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The weeds are a great place to be

Report on Business / October 2019

Report on Business: Ask an Expert

I know I’m supposed to spend time reflecting on the big picture, but I spend most of my time in the weeds. How do I pull back?

First, a question: Where did you get this ridiculous notion? “The idea that the big picture is separate from the little details is salacious and even dangerous,” explains Henry Mintzberg, a professor in the Desautels Faculty of Management at McGill. The author of Bedtime Stories for Managers has endless examples of how wise CEOs thought small to go big: Steve Jobs, for one, spent his mornings in the lab developing products. “Most CEOs don’t do this, but the best ones, like Jobs and [Amazon’s Jeff] Bezos, are deeply personally engaged,” says Mintzberg. “That’s actually what makes them effective and what ultimately lets them see the big picture.” Remember the old cliché about forests and trees? If you look at a forest from a helicopter, it looks like a fuzzy green carpet, says Mintzberg. That’s neither useful nor helpful. “You don’t have to be everywhere all the time, but you do have to be on the ground to see what’s happening.” Stop belittling the weeds and instead see them as the brush strokes that form the big picture.

I suspect one of my VPs is a jerk to his subordinates, but he’s always lovely to me. What should I do?

“A CEO needs hard data, since it’s difficult to make any real judgment on gut feelings or anecdotes,” explains Shelley Brown, founder of Bromelin HR Consulting. The best way to gather info is by hiring an outside consultant to conduct a 360-degree assessment. This increasingly common process involves sending an online survey to the executive’s direct reports and peers, who answer questions about his management style. If it feels awkward to focus on just one individual, then don’t single him out. “This is a very good time to have the whole leadership team assessed. You’ll have benchmark information that shows if it’s this particular VP or a bigger problem,” says Brown. If the results con rm your hunch, do not immediately re the jerk. “Everybody deserves a chance to get better, and some people have low self- awareness,” says Brown. “If he’s just lacking these skills, you can work on him. But if he lacks motivation to change, that’s a whole other story.”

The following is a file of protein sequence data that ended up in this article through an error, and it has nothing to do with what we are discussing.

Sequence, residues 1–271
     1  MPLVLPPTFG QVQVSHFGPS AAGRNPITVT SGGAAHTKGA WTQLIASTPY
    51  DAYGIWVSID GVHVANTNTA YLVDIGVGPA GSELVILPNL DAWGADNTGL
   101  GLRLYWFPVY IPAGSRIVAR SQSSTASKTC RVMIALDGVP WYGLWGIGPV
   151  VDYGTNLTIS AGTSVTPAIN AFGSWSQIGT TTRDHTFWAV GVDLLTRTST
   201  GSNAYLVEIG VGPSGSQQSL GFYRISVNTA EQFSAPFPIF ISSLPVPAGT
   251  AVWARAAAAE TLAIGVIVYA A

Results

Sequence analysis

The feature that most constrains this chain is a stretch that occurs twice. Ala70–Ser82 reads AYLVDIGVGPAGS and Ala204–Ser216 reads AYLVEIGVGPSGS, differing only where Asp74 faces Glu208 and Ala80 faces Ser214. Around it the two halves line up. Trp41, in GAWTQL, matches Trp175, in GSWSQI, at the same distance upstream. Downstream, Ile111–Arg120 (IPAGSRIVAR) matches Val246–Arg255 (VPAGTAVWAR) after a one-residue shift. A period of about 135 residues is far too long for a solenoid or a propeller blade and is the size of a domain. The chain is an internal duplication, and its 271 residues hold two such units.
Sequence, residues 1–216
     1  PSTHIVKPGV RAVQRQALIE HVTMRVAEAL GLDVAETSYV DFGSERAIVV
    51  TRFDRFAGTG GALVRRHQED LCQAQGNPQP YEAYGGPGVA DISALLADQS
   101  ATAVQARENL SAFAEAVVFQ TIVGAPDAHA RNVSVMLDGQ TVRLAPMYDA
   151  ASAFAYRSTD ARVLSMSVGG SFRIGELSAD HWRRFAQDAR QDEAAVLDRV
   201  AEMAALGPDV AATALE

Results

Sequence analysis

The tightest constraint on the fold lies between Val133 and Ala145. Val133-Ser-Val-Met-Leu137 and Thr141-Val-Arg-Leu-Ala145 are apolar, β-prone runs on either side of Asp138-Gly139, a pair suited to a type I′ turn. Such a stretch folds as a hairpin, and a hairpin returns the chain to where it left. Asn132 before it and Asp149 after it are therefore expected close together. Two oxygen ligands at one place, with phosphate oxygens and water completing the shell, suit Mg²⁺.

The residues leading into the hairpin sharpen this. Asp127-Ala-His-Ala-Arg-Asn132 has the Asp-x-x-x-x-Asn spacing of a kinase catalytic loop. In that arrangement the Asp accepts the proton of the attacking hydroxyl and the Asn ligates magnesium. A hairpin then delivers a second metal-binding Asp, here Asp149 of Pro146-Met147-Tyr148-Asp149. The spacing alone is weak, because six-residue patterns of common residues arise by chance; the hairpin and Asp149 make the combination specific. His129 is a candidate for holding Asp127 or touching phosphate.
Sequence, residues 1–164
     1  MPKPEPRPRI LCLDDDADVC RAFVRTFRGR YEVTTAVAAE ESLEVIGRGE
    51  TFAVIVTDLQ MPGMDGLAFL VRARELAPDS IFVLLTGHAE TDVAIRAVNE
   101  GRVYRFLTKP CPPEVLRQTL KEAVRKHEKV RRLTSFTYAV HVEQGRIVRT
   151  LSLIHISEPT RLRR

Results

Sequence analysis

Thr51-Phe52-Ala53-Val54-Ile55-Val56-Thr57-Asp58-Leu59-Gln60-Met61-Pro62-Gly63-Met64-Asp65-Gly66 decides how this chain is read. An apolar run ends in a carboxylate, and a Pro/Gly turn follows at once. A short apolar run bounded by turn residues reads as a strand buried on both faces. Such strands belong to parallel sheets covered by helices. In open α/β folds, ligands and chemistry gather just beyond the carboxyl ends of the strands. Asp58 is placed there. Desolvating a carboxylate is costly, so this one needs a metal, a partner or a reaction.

My communications team wants me to join Twitter. Should I?

Too many bosses—particularly those who are members of Gen X and older—shy away from Twitter and other social media, says Jana Seijts, a lecturer in management communication at the Ivey Business School. Yet very few have a legitimate reason for this avoidance, other than fear of the unknown. “Social media is a wonderful megaphone, and it’s at your disposal,” Seijts says. The bene ts outweigh the slight chance you’ll make a Twitter misstep. You just need to consider who you are, the message you want to send and what you’re willing to share. If your account is all business, you’re not doing it right. “We’re in a time of storytelling and personal relationships,” she says. “Think about your passions apart from business.” Steer away from politics (to start, at least) and toward crowd-pleasers like lms or sports. “Allow yourself to be vulnerable and authentic,” says Seijits. But you’re not alone in this. “Sit down with the communications team and come up with a solid personal branding strategy,” she says. Put some trust in their judgment. That’s why you hired them.